The N.C. Senate Committee on Commerce and Insurance on Tuesday, May 26, approved duplicate amendments to a pair of bills revising state alcohol laws as they apply to outdoor seating in restaurants.
The two bills, which do similar things but apply to different businesses, would effectively expand outdoor seating for restaurants, which are struggling because of the pandemic and because of Gov. Roy Cooper’s restrictive lockdown orders.
Phase Two of Cooper’s order allowed restaurants — which now includes brewpubs, thanks to another amendment — as well as breweries, wineries, and distilleries, to open in a limited capacity last week. Owners remain wary, however, because many people remain anxious about returning to restaurants and the like.
Sen. Rick Gunn, R-Alamance, who is sponsoring the measures, said they “will hopefully be a lifeline for our restaurants as we work through a very, very tough time.”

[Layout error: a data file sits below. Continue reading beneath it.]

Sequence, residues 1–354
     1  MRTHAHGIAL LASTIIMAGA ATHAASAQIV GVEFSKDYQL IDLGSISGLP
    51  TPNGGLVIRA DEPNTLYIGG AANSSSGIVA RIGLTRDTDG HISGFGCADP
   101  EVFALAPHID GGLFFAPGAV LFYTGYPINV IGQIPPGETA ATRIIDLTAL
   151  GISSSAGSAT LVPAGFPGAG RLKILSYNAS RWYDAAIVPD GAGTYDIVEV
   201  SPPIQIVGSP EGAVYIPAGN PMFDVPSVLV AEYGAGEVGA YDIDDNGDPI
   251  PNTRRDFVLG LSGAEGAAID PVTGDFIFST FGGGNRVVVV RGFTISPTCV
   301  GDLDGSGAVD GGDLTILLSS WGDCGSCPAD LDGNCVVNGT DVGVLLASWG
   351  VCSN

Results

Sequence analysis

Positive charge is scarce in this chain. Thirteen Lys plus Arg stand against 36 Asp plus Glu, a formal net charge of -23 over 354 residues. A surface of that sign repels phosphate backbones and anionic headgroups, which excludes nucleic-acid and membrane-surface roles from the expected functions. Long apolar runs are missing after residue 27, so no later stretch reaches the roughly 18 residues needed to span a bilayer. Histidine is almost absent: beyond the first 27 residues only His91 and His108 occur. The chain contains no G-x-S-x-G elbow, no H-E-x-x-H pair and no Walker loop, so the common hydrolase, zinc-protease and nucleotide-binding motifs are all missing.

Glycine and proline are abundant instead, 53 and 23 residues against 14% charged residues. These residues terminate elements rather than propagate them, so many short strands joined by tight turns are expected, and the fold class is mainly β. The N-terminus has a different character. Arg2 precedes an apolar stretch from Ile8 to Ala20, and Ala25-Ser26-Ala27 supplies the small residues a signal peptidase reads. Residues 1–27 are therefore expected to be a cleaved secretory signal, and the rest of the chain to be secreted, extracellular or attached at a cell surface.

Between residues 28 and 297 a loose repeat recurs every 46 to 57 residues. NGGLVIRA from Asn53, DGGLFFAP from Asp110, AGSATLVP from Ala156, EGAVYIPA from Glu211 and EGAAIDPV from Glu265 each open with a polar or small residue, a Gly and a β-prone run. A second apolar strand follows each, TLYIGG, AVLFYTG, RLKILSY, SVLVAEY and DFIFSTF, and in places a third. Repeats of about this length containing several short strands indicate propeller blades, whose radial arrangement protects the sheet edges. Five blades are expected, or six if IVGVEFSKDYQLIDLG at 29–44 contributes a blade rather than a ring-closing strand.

The amendments, which apply to proposed committee substitutes of House Bill 536 — one time ABC omnibus reform — and a new House Bill 902 — clarify the word “tent,” as it applies to a temporary structure in which restaurants may serve customers. The provision would end Oct. 31, or when the governor lifts his executive orders, whichever comes later.
The committee approved the amendments, and have referred the bills to the Senate’s rules committee.
“You’re changing the lives of potentially 350,000-plus individuals in our state and the businesses that hire them,” Gunn told lawmakers in the meeting, before thanking them.
H.B. 536, for instance, includes key provisions.
“The outdoor food and drink service seating capacity,” H.B. 536 says, “ is limited to 50% of the current indoor seating capacity of the establishment, or 100 customers, whichever is less.”
Importantly, the bill says, “The outdoor seating area authorized in … this act shall not be prohibited by a municipality or county because the outdoor seating area is not a permitted use for operation of food and drink services under zoning ordinances.”